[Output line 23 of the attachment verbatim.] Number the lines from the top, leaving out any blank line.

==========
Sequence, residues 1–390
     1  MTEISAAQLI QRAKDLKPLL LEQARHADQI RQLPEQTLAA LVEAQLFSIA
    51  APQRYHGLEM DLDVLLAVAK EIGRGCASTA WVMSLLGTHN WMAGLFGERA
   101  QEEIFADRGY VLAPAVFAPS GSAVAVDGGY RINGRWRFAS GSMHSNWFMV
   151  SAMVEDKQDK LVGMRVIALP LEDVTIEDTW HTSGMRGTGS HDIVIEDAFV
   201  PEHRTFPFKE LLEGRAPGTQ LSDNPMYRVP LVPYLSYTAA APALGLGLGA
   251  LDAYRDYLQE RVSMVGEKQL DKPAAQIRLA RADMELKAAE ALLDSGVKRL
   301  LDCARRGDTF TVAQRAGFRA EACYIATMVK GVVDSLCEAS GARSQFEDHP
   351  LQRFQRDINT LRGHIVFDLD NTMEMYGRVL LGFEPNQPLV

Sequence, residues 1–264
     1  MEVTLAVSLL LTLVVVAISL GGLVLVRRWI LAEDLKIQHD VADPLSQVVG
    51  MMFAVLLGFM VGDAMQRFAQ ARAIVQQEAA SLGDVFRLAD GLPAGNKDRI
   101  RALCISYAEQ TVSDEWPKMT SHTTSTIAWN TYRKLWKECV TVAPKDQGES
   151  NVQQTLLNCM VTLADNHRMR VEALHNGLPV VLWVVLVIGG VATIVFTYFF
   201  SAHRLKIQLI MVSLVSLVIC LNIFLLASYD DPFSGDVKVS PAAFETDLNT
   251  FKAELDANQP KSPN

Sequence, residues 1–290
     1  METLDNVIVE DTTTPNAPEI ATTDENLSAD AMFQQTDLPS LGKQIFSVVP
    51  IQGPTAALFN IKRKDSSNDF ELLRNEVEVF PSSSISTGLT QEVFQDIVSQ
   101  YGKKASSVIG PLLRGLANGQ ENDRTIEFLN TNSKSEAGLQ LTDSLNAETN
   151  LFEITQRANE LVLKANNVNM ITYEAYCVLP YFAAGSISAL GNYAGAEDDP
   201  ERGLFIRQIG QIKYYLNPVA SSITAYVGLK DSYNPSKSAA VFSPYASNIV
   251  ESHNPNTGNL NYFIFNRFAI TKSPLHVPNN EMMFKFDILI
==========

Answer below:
   251  ESHNPNTGNL NYFIFNRFAI TKSPLHVPNN EMMFKFDILI